It is also important not add that the fact that different regions, have at one point entertained the idea, from the North Eastern, to the Coast, to Central at one point, to the loud ethnonationalism in Rift Valley at one time, and the seething sentiment in the Nyanza and Western regions for sometime now, shows that, while some tribes have been bloodied more than others in post-independent Kenya, the cause of this oppression and injustice, has not been tribal groups, but rather the elite group capturing the state, which for a long time has been the group Jomo Kenyatta created to leech the nation. So many people, including Uhuru Kenyatta, are beneficiaries of this system that continues to hold Kenya captive.
Once a while, one one tribe is played against another through propaganda for political expediency, and then state infrastructure is used to profile and persecute certain tribes. The tribes enjoying the privilege of safety at that point are programmed to celebrate the oppression of the other and given crumbs to feel a sense of belonging at the banquet table. Sometimes resources actually flow their way, and development, to psychologically manipulate them that conform and we give you tge cake, rebel and we withdraw the cake, making them perptual slaves to elite manipulation. This cheerleading the oppression of others is what we rage against. But at the root of this is class, and if people could be made to understand this, we’ll be talking about the need of revolution, an act where one class violently overthrows the other, and not secession, because what we need is an equal share at the table. I’m distrustful of Dr. Ndii pigeonholing NASA strongholds, now, with secession calls. If such calls, as I have seen are purely based on tribes, aka the Luo et al, getting their country, one wonders what Dr. Ndii hopes to gain, or he is now the saviour of the Luos (and other unconsulted communities bundled in Country B)?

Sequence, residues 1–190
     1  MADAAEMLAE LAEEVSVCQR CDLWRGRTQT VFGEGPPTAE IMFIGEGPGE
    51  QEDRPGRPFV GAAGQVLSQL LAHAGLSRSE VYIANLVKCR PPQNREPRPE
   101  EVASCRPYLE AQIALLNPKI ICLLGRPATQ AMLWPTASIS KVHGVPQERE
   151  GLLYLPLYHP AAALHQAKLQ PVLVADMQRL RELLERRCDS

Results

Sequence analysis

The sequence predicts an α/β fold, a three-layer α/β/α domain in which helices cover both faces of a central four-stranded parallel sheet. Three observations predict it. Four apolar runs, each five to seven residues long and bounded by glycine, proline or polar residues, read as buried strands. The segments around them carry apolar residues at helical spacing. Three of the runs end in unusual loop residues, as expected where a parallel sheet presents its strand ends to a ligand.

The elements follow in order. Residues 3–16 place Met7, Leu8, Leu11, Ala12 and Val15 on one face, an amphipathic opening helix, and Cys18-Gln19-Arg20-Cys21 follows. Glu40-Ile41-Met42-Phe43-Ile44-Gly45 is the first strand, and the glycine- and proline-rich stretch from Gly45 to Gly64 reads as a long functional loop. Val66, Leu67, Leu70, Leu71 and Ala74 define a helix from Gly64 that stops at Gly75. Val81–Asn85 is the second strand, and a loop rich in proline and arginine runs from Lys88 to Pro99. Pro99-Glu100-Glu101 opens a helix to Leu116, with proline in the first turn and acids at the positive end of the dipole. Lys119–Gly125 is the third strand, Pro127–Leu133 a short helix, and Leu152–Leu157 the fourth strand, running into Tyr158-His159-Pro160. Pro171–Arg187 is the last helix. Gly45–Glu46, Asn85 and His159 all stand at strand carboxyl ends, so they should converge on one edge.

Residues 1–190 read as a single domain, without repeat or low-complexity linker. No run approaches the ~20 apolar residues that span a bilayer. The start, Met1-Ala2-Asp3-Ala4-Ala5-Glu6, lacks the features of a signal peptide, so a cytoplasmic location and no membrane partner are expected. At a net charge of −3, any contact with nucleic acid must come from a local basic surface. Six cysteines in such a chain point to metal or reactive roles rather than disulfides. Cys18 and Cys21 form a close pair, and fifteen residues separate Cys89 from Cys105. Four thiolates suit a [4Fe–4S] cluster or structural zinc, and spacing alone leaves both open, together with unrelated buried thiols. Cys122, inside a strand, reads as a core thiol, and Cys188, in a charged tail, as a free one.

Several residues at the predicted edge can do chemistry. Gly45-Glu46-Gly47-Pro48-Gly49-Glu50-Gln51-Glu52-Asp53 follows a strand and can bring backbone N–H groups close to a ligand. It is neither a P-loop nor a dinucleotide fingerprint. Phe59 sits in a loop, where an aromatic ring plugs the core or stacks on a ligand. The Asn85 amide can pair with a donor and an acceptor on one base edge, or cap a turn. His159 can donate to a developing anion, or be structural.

We have serious historical injustices and political issues, but secession is not the magic bullet. I need more countries in Africa building bigger and stronger political and economic unions.